One of the ways to make text set within an Area Type object more legible is to provide some padding between the text and the shape. Also known as inset spacing, this padding provides a margin of resting space for the viewer's eye. To add space between the text and the Area Type object, first select the Area Type object. Choose Type > Area Type Options to display the Area Type Options dialog box. Select the Preview check box, increase the Inset Spacing until the padding is sufficient for your needs, and click OK.
Making a selection and moving page elements is a pain when you accidentally grab other elements within close proximity, or accidentally move or delete items you want to remain in place. If this sounds familiar, you need to get in the habit of locking your page elements. It’s easy to do, and prevents you from inadvertently selecting, moving or deleting these items.
To lock a page element, select the item and choose Object > Lock > Selection. You can also press [command] ([Ctrl] in Windows). To unlock page items choose Object > Unlock All, or press [command][option]2 ([Ctrl][Alt]2 in Windows).
The Convert Shape command comes in handy when you decide mid-stream to change an existing shape, such as a rectangle, to something else, such as an ellipse. Just select the shape, choose Object > Convert Shape, and select your shape option from the pop-up menu.
If you want to set type in Illustrator, there are benefits to generating the text content in another application, such as Microsoft Word, and then importing the text into your Illustrator file. Word processing applications provide superior spell checkers and the ability to apply paragraph style, character style, and specific fonts. Illustrator will retain this text formatting when you import the text. Bear in mind, if the text document is prepared on a different computer, you’ll need to install the same fonts (or acceptable substitutes) on the computer you use to create your Illustrator design.
Some programs offer a precise Past in Place option. Illustrator has a Paste in Front and Paste in Back, which is a great feature. But there is yet another lesser known way to paste an object in place Illustrator: Use the Rotate tool! First, choose the Selection tool from the Tools panel and then click on the object to select it. Double-click on the Rotate tool in the Tools panel to open the Rotate dialog box. Simply set the angle at 0 degrees and click Copy. Illustrator closes the dialog box and copies and pastes in place a duplicate of your selection!
When you’re designing promotional materials and websites for clients, you’re likely creating content within a particular color scheme. But the Swatches panel is often overrun with excessive swatches, making for a cumbersome task to find just the colors relevant to your project. Illustrator offers a convenient way to organize colors into groups for just this reason. In the Swatches panel, [shift]-click to select multiple contiguous swatches, or [command]-click ([Ctrl]-click in Windows) to select multiple non-contiguous swatches. Then, click on the menu button in the top right corner of the Swatches panel, and select Create New Color Group from the pop-up menu. You can also click the New Color Group button at the base of the Swatches panel. In the resulting dialog box, enter a name for your group in the Name text box, and click OK. Now all of your selected swatches are grouped together and they’re easy to access!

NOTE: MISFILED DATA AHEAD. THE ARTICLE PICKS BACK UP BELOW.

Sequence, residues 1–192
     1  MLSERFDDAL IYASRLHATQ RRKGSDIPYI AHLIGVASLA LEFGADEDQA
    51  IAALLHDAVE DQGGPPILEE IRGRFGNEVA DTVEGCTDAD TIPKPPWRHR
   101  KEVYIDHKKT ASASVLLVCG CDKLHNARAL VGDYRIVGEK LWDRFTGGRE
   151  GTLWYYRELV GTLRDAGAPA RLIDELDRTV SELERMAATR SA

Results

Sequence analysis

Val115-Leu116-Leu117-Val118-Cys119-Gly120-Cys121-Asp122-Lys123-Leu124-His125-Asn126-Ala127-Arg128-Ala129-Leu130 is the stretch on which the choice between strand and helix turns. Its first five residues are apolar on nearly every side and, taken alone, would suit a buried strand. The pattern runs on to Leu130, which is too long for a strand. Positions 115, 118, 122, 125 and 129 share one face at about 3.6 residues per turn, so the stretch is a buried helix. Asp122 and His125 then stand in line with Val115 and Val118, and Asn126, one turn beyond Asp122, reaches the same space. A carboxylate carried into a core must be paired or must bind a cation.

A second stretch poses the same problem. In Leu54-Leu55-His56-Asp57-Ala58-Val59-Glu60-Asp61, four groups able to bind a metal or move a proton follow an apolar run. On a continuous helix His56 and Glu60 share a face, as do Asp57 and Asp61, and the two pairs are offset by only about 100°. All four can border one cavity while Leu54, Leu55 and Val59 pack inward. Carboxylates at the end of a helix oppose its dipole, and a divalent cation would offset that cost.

With advancements in customized software, there's something to suit everyone's work style these days! Take for example detachable tools! The Tools panel in Illustrator has so many tools to choose from, many of which you may never use. But you might be working on a project for an extended amount of time and need to keep handy a certain tool—and all of its sub tools. That's why Illustrator offers the option to detach many of the tools along with their sub sets so you can have the tools you need visible, as opposed to cycling through the one tool spot on the panel to access each individual tool. To do this, click and hold on a tool in the Tools panel that you want to detach, such as the Pen tool. Click the long vertical bar with the arrow on the right side of the tool pop-up panel, and Illustrator will detach a smaller panel with just that tool set! (Note: Not all tools carry this functionality.)
Creating seamless patterns is a cumbersome process, but the good news is you don’t have to go through that hassle. Illustrator comes with a number of pre-configured patterns that you can apply directly to an object as a fill. Select Window > Swatches to open the Swatches panel. Click on the options button and choose Open Swatch Library > Patterns, and then choose from one of the resulting libraries. Illustrator will open a new panel with that pattern library, displaying a number of pattern thumbnails. Then, with an object selected, click on one of the thumbnails in the library’s pattern panel to fill it with the pattern. It’s so easy!
Photoshop certainly has a leg up on backwards compatibility. Not so with Illustrator or InDesign. How many times have you failed to open a file—even to do nothing more than preview or print—because it was created with a more recent version than you have? Don't fear, there is a workaround. First, launch InDesign. Choose File > Place, navigate to the Illustrator or InDesign file that you want to print, select it, and click Open. Click on the page to place the file. You can either print this file or export it as a PDF (File > Export) for easy viewing the next time!
Graphic Styles provide a quick and easy way to add customized strokes and fills to your shapes. So whether you want to enhance a simple shape with a neon frame, a scribbled fill, or a button appearance, you can do this with a quick click.